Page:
I just made your pulled turkey in the slow cooker, and it turned out great!ReplyDelete
I second (or third or fourth) Lego.com. My boys also like www.fusionfall.com it has great parent control, connected to the cartoon network. Also www.jumpstart.com.ReplyDelete
That picture of Craney's head in the glass is just too much. That cat is out of control with his merry making, and I need to get my hands on him.ReplyDelete
Loved that oatmeal recipe. How clever! And, I covet those four sweet little oatmeal bowls.
FROG GUTS dot com. My Noah never tires of dissecting a computer generated frog (and it is free).ReplyDelete
Oh, and this link right here (which is, I admit, from my own blog, and contains a video of my children and their wonderful potty humor, which is why I *know* Ben will love it. Seriously. go watch it).
And a PS-- has Ben read the Percy Jackson Series yet? Still one of Noah's favorites-- greek mythology and action abound. And have you read Rabbit Hill with the kids? Mine still ask for it every year about this time, even though it isn't a holiday book:) Oh, and Noah is wondering if you could give his game, Barfopoly, a plug? ;)ReplyDelete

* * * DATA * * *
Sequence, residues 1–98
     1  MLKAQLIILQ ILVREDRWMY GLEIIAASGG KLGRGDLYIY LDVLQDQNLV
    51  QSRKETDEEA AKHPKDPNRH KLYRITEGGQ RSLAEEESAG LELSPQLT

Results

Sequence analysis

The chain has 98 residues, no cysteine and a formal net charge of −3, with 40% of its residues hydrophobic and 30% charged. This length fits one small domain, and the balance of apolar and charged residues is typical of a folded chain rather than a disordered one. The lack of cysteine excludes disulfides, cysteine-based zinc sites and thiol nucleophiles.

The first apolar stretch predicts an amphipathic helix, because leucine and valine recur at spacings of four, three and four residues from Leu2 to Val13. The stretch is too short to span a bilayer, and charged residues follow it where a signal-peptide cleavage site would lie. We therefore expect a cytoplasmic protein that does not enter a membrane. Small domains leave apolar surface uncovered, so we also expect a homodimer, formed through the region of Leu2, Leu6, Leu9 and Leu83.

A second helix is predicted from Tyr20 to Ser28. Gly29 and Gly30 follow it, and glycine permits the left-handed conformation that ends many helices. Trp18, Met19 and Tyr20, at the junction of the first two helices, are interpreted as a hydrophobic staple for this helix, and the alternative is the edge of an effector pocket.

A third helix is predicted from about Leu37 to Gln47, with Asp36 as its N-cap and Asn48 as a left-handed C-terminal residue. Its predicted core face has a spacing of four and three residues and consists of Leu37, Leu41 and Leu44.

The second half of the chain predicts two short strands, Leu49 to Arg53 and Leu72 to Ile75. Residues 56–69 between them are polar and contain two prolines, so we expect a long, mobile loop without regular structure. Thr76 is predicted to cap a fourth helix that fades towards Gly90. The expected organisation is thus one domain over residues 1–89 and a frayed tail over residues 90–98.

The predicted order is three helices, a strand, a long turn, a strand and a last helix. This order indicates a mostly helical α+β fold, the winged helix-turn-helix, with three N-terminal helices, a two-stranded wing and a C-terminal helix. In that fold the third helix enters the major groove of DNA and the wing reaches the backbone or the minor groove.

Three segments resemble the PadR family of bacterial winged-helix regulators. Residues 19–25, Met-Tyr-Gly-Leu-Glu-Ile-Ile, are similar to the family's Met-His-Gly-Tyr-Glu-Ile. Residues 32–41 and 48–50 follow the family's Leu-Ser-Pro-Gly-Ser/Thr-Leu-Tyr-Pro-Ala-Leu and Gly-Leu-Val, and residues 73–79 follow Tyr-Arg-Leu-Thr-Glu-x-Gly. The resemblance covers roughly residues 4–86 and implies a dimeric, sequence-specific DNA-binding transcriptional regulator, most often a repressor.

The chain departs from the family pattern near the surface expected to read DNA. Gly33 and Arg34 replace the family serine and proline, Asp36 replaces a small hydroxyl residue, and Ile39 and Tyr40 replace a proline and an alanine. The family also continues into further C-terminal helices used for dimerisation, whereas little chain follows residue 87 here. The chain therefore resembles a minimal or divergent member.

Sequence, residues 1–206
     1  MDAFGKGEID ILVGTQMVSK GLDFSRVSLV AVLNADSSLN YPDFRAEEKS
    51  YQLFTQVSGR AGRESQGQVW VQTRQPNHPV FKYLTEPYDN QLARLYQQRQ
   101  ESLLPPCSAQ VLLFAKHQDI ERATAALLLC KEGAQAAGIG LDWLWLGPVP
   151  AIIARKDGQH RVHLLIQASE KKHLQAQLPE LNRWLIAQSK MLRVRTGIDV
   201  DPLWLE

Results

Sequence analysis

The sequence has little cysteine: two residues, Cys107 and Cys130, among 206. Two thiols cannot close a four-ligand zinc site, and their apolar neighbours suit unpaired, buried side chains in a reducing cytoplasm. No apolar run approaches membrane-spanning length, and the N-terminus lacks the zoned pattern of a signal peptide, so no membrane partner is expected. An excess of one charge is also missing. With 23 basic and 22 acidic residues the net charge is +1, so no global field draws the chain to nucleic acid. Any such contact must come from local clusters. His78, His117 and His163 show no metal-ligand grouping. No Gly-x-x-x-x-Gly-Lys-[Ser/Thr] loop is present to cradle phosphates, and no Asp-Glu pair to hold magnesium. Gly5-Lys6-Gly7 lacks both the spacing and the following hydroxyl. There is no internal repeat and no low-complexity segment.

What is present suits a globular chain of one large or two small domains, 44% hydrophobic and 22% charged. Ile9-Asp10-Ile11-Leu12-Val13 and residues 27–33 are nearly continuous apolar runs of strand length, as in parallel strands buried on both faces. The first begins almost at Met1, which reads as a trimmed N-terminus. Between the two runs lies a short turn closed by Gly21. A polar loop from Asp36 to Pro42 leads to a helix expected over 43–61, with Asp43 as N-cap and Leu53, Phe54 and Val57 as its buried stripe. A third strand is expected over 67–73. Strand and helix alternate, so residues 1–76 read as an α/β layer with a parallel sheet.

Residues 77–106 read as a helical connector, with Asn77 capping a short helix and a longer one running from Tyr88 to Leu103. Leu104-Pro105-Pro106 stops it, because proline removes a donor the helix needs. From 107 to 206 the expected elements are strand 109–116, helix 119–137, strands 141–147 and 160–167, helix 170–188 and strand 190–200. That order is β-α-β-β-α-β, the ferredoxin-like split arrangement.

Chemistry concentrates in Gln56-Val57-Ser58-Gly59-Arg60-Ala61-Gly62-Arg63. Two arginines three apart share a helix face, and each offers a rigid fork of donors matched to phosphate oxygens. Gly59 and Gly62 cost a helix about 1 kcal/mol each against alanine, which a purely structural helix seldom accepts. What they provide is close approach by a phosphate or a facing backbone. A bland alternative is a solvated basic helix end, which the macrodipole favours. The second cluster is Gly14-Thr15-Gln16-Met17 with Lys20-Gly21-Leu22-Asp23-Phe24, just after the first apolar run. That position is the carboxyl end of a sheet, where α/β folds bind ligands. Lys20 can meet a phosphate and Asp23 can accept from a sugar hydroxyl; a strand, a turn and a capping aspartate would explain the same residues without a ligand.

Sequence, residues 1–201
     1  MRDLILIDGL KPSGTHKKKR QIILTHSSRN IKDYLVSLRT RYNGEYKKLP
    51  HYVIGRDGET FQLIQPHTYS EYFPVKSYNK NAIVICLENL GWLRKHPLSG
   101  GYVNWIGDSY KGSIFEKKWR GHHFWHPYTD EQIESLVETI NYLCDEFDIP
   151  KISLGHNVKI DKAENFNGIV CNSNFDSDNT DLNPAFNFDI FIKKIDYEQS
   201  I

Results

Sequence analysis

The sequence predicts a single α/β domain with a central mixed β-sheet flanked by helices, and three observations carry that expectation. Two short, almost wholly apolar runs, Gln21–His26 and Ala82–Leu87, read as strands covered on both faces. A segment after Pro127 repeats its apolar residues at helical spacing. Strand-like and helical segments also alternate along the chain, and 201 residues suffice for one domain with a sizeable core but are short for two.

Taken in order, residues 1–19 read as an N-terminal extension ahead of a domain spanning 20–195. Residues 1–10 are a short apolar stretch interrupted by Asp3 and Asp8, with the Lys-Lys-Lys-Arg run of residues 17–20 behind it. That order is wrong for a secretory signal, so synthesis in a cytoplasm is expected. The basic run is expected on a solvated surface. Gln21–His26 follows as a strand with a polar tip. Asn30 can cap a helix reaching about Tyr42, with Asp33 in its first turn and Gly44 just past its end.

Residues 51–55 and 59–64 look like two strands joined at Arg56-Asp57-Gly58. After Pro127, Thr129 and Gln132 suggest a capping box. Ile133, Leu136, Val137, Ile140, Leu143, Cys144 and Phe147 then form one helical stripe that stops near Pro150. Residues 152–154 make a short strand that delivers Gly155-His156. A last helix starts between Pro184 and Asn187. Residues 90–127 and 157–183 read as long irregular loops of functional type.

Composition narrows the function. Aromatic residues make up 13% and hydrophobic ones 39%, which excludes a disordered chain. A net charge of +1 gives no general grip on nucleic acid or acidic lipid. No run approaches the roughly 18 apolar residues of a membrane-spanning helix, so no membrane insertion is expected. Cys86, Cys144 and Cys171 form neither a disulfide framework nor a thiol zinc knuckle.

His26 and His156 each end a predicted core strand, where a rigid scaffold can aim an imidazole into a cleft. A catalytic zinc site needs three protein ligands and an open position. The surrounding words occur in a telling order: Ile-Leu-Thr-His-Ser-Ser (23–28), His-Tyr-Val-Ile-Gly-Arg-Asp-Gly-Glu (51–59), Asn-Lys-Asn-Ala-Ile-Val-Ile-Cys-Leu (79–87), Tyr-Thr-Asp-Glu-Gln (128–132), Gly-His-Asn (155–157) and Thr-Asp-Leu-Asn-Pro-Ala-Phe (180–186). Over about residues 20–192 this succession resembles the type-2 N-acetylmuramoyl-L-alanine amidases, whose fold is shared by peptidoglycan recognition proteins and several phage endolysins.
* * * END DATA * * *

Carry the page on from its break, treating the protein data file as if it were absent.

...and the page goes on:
The Art Institute of Chicago has some fun games to play with masterpieces, like matching the correct head with the correct body in famous works. Kids can have a lot of fun by *not* matching them correctly. There are a few other fun/educational games too.ReplyDelete
Karen (aka misplaced_mama)
We aren't much help on the websites, as our 5 year old hasn't ventured outside starfall.com for games. Dad has been showing them videos of actual space shuttle launches on nasa.gov, which is very cool.ReplyDelete
Also, if it's not too much to ask...I was wondering how long your "Master Sauce for Chicken" lasts in the freezer? We've made it several times since you posted the recipe for the Soy Braised Chicken, but I didn't know if it has a lifespan, or if we can just keep freezing and thawing and adding the liquid indefinitely. Thanks!
fun educational content: (recommended by our teacher)ReplyDelete
build your own spelling lists-- http://www.spellingcity.com/
fun stuff semi-educational:
non-educational that my girl enjoys:
For all those mamas who want great books, go FASTFASTFAST to planetesme.com- she's an amazing writer, teacher and librarian and readologist. She also has an amazing book out called "How to get Your Children to Love Reading" (even if they already do) and tons of great books for kids. Esme Raji Codell is one amazing person.ReplyDelete